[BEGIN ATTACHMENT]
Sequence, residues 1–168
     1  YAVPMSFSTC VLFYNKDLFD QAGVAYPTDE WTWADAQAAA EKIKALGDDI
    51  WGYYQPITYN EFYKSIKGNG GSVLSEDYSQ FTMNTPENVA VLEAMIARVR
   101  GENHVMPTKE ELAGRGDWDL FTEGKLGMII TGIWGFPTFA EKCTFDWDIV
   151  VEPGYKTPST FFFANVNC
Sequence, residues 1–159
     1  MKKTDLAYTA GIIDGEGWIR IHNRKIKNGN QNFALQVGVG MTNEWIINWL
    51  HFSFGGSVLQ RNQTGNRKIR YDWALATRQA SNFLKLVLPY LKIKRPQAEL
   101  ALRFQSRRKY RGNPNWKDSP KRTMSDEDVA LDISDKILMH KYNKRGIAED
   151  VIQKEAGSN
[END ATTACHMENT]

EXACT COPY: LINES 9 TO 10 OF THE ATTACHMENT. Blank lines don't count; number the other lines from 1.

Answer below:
   101  ALRFQSRRKY RGNPNWKDSP KRTMSDEDVA LDISDKILMH KYNKRGIAED
   151  VIQKEAGSN